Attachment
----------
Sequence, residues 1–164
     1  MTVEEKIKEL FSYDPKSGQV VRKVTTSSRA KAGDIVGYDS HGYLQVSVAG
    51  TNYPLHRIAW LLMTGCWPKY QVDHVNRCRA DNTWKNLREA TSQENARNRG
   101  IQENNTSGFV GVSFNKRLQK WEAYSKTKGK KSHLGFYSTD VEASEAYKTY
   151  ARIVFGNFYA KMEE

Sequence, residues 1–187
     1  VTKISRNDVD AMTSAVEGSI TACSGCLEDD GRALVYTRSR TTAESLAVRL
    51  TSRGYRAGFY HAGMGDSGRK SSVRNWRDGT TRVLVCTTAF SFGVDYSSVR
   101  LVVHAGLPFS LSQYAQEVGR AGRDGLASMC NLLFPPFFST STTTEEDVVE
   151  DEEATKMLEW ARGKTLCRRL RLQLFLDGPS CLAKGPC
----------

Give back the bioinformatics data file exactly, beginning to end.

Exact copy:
Sequence, residues 1–164
     1  MTVEEKIKEL FSYDPKSGQV VRKVTTSSRA KAGDIVGYDS HGYLQVSVAG
    51  TNYPLHRIAW LLMTGCWPKY QVDHVNRCRA DNTWKNLREA TSQENARNRG
   101  IQENNTSGFV GVSFNKRLQK WEAYSKTKGK KSHLGFYSTD VEASEAYKTY
   151  ARIVFGNFYA KMEE

Sequence, residues 1–187
     1  VTKISRNDVD AMTSAVEGSI TACSGCLEDD GRALVYTRSR TTAESLAVRL
    51  TSRGYRAGFY HAGMGDSGRK SSVRNWRDGT TRVLVCTTAF SFGVDYSSVR
   101  LVVHAGLPFS LSQYAQEVGR AGRDGLASMC NLLFPPFFST STTTEEDVVE
   151  DEEATKMLEW ARGKTLCRRL RLQLFLDGPS CLAKGPC